The fourth factor similarly favors abstention because the state litigation has priority over the federal case. The state case was filed first, and the state court was thus the first to obtain jurisdiction over the parties. See Colorado River, 424 U.S. at 818. Further, the state litigation is more advanced because the state court has addressed the merits of the ROW code claims and has entered partial summary judgment on those claims. The federal court on the other hand has not yet addressed the merits of Spectra's claims. Compare Mountain Pure, 439 F.3d at 927. We therefore conclude that the fourth factor also favors abstention.
We acknowledge that the fifth factor weighs against abstention because “the presence of federal-law issues must always be a major consideration weighing against surrender [of federal jurisdiction].” Moses H. Cone, 460 U.S. at 26. Here, as Spectra notes, the federal litigation involves a question of federal preemption. Nevertheless, “[n]o one factor is necessarily determinative” in assessing whether abstention is appropriate. Colorado River, 424 U.S. at 818. We do not believe that this issue warrants reversal, particularly because, as Spectra concedes, the state court can resolve all of Spectra's federal claims.5 See Wolfson v. Mut. Ben. Life Ins. Co., 51 F.3d 141, 146 (8th Cir.1995), abrogated on other grounds by Quackenbush v. Allstate Ins. Co., 517 U.S. 706 (1996). Further, the sixth Colorado River factor also favors abstention because the state court can adequately protect Spectra's interests. See, e.g., U.S. Fid. & Guar. Co., 21 F.3d at 263. We therefore conclude, after “taking into account both the obligation to exercise jurisdiction and the combination of factors counselling against that exercise,” that the district court did not abuse its discretion in abstaining. Colorado River, 424 U.S. at 818–19. Because we conclude that the district court did not abuse its discretion in abstaining, we need not decide whether the state court's partial summary judgment order precludes Spectra's remaining claims.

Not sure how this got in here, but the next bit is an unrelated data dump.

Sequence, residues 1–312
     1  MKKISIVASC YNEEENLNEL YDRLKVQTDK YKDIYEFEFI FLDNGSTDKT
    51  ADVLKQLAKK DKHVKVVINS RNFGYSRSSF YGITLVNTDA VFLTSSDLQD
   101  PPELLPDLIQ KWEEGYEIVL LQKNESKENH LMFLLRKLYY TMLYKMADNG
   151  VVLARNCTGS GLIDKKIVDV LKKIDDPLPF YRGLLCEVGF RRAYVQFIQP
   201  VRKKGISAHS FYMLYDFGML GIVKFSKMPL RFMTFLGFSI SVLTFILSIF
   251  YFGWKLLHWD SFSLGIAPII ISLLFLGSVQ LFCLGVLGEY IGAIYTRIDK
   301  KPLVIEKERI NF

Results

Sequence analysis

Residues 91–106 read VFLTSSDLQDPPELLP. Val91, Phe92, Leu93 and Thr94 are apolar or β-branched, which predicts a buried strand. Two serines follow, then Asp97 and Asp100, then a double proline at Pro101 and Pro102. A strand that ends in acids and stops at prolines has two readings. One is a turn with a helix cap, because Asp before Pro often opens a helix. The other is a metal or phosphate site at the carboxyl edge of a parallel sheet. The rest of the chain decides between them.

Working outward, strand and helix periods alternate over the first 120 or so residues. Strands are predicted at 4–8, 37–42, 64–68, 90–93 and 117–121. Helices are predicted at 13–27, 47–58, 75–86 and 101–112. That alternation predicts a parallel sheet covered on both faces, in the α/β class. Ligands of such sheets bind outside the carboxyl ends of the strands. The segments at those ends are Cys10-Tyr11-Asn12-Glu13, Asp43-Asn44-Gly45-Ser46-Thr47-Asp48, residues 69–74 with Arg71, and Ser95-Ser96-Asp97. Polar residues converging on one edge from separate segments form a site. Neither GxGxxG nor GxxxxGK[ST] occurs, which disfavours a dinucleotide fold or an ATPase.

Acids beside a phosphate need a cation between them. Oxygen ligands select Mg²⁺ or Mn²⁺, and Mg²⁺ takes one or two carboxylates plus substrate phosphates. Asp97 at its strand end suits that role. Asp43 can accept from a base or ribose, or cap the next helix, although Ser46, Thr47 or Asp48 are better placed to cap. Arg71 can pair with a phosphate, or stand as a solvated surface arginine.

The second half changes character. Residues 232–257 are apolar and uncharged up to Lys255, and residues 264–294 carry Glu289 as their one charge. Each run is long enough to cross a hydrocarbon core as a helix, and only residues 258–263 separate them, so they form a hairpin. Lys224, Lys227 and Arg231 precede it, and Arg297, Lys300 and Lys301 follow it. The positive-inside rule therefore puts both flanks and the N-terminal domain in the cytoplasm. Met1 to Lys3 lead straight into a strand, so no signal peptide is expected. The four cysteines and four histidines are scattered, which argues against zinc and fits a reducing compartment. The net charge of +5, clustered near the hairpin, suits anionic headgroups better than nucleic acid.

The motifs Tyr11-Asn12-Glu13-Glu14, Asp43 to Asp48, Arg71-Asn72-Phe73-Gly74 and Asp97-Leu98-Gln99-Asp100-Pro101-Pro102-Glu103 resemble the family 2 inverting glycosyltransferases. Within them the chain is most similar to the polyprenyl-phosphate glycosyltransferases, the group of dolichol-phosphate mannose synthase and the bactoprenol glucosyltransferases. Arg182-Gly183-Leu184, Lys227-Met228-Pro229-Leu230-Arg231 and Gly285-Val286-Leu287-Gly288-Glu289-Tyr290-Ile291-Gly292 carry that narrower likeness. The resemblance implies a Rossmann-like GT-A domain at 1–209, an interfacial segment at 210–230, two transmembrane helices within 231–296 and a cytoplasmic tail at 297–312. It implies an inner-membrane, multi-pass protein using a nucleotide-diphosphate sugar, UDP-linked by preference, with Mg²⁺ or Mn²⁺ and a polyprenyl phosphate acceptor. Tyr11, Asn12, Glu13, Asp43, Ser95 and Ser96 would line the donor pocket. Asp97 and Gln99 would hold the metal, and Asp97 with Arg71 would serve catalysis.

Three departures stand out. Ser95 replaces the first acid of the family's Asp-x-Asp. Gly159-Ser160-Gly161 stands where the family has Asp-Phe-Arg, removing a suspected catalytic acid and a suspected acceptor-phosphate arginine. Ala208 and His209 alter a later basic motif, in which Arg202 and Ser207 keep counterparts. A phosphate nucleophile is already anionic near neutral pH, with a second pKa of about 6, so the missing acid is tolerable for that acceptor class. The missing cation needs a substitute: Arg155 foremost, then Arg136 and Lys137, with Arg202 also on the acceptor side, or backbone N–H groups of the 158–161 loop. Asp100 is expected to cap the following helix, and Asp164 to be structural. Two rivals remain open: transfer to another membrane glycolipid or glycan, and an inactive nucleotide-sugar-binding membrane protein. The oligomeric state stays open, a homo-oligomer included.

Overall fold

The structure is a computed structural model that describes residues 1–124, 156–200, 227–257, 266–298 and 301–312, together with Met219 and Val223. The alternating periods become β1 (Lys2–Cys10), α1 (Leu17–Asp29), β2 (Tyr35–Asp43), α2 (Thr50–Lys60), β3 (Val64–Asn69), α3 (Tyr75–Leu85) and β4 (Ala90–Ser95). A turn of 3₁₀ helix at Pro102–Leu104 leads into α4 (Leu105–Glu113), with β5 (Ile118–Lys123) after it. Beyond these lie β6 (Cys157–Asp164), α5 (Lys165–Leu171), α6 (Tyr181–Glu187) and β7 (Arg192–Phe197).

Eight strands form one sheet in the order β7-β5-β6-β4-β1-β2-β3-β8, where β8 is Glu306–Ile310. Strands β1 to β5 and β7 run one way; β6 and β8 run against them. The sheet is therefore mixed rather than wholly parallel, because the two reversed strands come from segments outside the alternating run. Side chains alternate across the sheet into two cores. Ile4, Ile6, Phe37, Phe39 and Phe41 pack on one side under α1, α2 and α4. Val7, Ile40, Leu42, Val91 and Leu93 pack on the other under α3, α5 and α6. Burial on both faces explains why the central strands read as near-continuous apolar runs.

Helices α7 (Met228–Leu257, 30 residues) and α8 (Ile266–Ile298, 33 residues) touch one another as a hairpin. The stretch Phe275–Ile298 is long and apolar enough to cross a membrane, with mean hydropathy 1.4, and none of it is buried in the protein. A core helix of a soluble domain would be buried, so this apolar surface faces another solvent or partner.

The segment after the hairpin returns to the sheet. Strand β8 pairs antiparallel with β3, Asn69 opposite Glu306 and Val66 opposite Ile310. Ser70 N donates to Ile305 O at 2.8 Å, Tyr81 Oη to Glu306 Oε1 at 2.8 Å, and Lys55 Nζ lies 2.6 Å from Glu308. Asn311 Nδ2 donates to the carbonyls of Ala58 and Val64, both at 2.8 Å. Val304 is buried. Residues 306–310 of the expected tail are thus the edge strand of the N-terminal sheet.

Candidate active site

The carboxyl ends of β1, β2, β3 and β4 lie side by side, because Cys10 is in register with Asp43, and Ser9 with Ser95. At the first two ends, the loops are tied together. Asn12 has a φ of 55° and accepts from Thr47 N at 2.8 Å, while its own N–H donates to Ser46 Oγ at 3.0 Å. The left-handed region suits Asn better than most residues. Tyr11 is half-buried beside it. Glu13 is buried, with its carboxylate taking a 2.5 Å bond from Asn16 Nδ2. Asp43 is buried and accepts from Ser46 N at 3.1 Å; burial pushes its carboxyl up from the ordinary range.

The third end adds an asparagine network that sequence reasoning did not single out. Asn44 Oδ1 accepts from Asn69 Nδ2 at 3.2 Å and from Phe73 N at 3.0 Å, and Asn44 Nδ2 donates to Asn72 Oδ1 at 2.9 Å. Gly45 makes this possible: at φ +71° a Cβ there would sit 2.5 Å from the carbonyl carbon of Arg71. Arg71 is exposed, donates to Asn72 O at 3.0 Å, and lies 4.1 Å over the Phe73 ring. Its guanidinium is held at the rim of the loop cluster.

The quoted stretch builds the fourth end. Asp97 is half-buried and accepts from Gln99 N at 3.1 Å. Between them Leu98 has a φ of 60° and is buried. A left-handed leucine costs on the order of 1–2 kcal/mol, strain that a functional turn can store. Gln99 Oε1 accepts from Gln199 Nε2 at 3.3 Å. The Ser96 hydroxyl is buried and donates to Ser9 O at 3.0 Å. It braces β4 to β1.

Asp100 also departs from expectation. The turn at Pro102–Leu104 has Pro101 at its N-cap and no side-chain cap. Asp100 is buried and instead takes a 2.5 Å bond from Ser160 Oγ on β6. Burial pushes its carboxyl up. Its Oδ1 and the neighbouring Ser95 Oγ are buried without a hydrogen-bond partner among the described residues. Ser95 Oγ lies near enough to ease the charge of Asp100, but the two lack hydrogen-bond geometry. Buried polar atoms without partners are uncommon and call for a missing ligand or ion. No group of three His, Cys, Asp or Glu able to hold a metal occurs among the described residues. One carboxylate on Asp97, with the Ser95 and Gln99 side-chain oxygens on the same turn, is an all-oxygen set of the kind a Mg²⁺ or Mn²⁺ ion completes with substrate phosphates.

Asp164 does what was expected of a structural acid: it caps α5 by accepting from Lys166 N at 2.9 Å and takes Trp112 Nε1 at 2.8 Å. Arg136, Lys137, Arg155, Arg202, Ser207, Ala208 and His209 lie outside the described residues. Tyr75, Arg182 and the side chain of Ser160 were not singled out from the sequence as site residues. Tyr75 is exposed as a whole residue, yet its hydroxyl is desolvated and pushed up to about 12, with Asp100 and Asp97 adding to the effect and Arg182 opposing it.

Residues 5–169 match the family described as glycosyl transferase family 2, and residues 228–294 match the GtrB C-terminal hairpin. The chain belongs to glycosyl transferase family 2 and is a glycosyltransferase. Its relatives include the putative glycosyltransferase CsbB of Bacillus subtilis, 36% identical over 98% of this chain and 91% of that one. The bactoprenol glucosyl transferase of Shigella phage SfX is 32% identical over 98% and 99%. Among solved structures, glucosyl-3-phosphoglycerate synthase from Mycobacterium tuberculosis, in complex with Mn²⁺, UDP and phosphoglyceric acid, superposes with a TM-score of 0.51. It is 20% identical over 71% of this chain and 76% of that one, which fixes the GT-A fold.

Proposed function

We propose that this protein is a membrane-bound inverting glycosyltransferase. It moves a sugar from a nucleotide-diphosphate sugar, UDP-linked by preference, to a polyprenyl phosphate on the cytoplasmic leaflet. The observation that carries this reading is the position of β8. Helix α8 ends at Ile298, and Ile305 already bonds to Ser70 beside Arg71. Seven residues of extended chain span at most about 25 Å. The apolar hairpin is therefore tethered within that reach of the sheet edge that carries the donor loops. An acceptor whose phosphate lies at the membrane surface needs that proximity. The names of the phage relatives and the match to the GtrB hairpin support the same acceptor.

We finally address the City's cross appeal of the district court's denial of its motion for attorney fees. We review an order denying attorney fees for an abuse of discretion. See Flowers v. Jefferson Hosp. Ass'n, 49 F.3d 391, 392 (8th Cir.1995). “[T]he relevant purpose of § 1988 [attorney fees] is to relieve defendants of the burdens associated with fending off frivolous litigation.” Fox v. Vice, 131 S.Ct. 2205, 2215 (2011). Thus, “[a] court may award prevailing defendants attorney's fees under section 1988 only if the plaintiff's claim was frivolous, unreasonable, or groundless, or the plaintiff continued to litigate after it clearly became so.” Flowers, 49 F.3d at 392 (internal quotations marks and alterations omitted).
The district court did not abuse its discretion in denying the City's first request for attorney fees because the question of whether § 253 creates a private right of action was unresolved in our circuit, the other circuit courts are divided on that issue, and the parties presented “reasonable arguments on both sides.” Eisenrich v. Minneapolis Retail Meat Cutters & Food Handlers Pension Plan, 574 F.3d 644, 651 (8th Cir.2009). The district court also did not abuse its discretion by denying the City's renewed fee request because Spectra did not continue actively to pursue its § 1983 claim after the district court dismissed it, but simply reasserted it for the purpose of preserving its rights on appeal. The City therefore did not need to “fend off” Spectra's renewed § 1983 claim. See Fox, 131 S.Ct. at 2215.
Section 253 does not create an individual private right of action and the district court therefore did not err in dismissing Spectra's § 1983 claim. In addition, the district court did not abuse its discretion in abstaining under Colorado River or in denying the City's motion for attorney fees. The judgment of the district court is affirmed.
1. The Honorable Dean Whipple, United States District Judge for the Western District of Missouri.
2. All pending motions by the parties to supplement the record are denied.
3. Notably, “[a] court's role in discerning whether personal rights exist in the § 1983 context should [ ] not differ from its role in discerning whether personal rights exist in the implied right of action context.” Gonzaga, 536 U.S. at 285. Thus, cases addressing implied private rights of action under federal statutes are applicable here.
4. The Sixth Circuit case on which Spectra relies concluded that § 253(c) provides a private right of action for telecommunications providers, similarly noting that § 253(d) withholds FCC preemptive authority for violations of § 253(c). See TCG, 206 F.3d at 624. Our court has previously concluded, however, that § 253(c) is a safe harbor to § 253(a) violations that, “standing alone, cannot form the basis of a cause of action against a state or local government.” Level 3, 477 F.3d at 532 (internal quotation marks omitted).
5. In fact the state court's partial summary judgment order appears to foreshadow the resolution of the preemption issue by its determination that the ROW code user fees are valid under “any [ ] law.”
MURPHY, Circuit Judge.